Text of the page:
Estimates place Amazon's Web Services Division's cloud services revenue at around $1 billion.  No wonder both Google and Microsoft have entered the market.  It is too soon to tell how Microsoft's Windows Azure will compete against new and established competitors in the field.  But, again, Microsoft brings up the rear on innovation.

As a kid, my friends and I would try to figure out the thrust of bottle rockets by tying fishing sinkers to them. When I think of Microsoft, with all its positives and negatives, those gunpowder missiles trying to hoist various weights against the force of gravity comes to mind. Can its intellectual horsepower overcome its sluggish innovation and lethargic execution to once again become a rising force in technology?

Apple suffers from innovation expectancy, whereby they are only as good as their next world-changing product (which of course is unsustainable).  The question is whether that expectation is baked into the current stock price.  Will Apple TV be their jumping of the shark?  Facebook has many of the same symptoms of companies in the 90s tech boom (translating eyeballs to dollars).  And with dubious purchases such as the $1 billion Instagram purchase, I wonder about their leadership's decision-making ability.  Amazon and Google have their fingers in enough of the right things to maintain a strong presence.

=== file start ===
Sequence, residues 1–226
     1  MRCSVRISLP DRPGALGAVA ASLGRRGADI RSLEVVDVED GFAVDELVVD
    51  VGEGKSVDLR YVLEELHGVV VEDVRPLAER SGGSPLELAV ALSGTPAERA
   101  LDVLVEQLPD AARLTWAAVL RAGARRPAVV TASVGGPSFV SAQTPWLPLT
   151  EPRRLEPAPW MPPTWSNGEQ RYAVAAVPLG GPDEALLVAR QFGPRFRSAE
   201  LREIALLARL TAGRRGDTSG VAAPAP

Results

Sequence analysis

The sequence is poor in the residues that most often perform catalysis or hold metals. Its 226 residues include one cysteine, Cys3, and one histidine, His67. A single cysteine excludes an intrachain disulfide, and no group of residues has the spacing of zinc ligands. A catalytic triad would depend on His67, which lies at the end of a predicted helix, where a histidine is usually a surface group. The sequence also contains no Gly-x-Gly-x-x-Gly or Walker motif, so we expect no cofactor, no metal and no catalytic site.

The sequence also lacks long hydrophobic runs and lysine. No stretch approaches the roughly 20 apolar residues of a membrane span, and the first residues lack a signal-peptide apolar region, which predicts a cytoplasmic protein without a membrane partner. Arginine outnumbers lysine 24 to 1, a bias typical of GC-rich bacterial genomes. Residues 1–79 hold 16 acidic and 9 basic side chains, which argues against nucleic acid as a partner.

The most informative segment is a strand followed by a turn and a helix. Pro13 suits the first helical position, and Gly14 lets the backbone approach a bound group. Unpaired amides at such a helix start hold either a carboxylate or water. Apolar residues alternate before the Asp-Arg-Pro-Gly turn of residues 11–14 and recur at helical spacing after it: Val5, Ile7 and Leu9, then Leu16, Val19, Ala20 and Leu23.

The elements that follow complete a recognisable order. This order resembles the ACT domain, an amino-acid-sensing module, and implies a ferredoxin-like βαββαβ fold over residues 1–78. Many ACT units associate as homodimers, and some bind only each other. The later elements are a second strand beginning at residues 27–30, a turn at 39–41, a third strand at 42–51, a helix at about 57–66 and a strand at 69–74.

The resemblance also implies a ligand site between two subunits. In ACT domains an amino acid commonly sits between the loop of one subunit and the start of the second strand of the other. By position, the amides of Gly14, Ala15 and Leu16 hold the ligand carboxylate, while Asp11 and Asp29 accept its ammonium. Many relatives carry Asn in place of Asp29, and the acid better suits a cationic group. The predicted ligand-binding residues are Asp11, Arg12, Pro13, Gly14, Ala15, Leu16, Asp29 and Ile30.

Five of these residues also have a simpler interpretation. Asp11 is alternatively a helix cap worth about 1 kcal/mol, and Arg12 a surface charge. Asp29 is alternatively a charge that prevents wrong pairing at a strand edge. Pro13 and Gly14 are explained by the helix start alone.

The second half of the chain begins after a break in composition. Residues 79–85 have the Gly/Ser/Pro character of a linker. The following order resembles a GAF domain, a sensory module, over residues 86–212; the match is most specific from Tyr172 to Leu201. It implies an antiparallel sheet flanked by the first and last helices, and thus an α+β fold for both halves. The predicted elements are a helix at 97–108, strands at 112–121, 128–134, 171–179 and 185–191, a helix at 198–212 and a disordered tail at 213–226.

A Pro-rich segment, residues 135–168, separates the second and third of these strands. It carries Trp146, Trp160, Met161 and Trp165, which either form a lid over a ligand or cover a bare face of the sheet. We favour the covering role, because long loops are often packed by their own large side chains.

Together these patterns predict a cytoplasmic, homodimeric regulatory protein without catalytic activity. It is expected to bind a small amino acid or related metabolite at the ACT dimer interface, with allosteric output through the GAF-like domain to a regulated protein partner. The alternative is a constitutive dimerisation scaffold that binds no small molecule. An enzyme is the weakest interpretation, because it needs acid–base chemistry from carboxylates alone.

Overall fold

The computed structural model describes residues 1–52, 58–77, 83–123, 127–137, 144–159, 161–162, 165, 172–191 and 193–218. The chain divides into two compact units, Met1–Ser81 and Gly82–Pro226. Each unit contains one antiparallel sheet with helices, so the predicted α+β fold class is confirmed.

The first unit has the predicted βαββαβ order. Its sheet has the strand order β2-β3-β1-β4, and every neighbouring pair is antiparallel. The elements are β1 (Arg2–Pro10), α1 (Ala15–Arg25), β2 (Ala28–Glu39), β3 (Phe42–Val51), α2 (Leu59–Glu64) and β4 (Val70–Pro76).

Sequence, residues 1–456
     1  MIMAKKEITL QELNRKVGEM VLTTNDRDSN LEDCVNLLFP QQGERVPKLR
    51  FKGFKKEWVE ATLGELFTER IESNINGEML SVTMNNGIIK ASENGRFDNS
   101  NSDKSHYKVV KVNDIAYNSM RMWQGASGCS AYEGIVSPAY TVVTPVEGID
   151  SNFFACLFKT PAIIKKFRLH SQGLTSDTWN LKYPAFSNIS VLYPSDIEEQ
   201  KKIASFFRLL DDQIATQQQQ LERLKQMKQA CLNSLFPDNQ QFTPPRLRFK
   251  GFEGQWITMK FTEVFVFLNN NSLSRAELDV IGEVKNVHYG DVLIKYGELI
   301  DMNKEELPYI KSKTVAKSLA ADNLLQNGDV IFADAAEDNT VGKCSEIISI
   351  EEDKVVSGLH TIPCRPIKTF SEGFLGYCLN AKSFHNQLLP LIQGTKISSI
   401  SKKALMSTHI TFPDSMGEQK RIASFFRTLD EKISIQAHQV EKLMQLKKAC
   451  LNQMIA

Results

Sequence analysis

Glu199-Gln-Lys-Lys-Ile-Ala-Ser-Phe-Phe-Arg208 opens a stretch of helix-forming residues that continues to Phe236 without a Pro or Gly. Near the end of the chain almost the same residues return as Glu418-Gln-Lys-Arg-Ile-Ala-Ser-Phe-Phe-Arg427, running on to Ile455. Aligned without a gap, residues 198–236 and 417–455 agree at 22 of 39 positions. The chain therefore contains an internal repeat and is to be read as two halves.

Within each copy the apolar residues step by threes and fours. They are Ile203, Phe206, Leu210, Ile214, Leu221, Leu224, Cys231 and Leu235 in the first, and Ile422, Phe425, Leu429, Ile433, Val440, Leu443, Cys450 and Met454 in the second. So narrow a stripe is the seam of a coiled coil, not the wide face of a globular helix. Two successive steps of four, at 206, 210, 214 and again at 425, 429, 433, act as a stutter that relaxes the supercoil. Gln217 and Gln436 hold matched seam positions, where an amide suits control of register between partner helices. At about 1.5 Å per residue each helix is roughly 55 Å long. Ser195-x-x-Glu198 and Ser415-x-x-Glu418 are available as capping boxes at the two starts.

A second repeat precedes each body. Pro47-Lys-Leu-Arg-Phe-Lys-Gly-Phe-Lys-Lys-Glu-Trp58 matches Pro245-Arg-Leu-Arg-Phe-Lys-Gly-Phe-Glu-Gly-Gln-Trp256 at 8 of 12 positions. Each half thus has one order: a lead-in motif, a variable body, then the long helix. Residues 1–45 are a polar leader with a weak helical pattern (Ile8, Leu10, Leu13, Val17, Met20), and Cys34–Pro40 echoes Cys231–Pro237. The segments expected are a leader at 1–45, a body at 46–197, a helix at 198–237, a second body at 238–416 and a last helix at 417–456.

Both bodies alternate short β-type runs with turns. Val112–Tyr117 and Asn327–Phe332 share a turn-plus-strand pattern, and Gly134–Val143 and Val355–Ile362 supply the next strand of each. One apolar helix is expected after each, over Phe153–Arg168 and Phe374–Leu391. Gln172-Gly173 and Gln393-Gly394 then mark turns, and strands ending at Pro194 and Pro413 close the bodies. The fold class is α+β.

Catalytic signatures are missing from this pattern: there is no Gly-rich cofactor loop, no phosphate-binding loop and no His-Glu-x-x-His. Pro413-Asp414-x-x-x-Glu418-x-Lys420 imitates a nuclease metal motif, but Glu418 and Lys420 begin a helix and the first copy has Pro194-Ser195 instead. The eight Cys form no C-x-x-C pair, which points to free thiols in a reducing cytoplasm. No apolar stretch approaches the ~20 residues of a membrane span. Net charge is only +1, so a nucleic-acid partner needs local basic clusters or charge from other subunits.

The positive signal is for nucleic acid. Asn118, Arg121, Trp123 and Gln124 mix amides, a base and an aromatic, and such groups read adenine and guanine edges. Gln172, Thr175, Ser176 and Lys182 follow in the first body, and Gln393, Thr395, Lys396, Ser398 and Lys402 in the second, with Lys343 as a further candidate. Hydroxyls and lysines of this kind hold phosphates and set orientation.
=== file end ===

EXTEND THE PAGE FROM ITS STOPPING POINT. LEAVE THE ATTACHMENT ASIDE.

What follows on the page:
Apple, Amazon, and Google are not going away anytime soon but I think there is enough wind in Microsoft's "sales" to unseat Facebook as number four.

The future depends on Windows 8.

 

 


 


lukey911 has no position in any stocks mentioned. The Motley Fool recommends Amazon.com, Apple, Facebook, and Google. The Motley Fool owns shares of Amazon.com, Apple, Facebook, Google, and Microsoft. Try any of our Foolish newsletter services free for 30 days. We Fools may not all hold the same opinions, but we all believe that considering a diverse range of insights makes us better investors. The Motley Fool has a disclosure policy. Is this post wrong? Click here. Think you can do better? Join us and write your own!